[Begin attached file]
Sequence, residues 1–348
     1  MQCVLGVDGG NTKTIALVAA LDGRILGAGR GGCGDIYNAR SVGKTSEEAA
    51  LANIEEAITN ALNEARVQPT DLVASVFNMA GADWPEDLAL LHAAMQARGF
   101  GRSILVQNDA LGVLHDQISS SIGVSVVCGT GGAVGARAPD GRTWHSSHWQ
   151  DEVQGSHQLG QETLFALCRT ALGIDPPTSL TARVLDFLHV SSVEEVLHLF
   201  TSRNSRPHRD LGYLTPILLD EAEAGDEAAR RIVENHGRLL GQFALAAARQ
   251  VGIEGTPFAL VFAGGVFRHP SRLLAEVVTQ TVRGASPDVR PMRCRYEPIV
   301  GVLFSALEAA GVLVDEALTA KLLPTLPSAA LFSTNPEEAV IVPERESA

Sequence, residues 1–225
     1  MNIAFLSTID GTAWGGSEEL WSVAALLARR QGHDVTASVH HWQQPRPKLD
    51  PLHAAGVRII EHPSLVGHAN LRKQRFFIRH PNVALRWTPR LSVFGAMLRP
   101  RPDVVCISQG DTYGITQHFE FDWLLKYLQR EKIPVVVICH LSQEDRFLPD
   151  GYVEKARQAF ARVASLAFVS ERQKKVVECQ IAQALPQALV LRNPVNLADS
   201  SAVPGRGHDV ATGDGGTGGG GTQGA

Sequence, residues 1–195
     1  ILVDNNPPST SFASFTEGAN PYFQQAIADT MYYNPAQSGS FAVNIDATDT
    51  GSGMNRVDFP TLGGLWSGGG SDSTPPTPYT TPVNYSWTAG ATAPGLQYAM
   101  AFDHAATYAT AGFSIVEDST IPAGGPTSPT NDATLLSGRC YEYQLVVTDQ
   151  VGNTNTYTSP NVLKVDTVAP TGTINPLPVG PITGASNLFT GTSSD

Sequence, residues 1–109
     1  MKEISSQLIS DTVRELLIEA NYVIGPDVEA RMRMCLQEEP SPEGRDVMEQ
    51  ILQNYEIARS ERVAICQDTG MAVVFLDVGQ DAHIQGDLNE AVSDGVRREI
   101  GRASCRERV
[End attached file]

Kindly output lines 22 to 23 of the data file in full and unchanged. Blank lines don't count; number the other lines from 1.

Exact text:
    51  ILQNYEIARS ERVAICQDTG MAVVFLDVGQ DAHIQGDLNE AVSDGVRREI
   101  GRASCRERV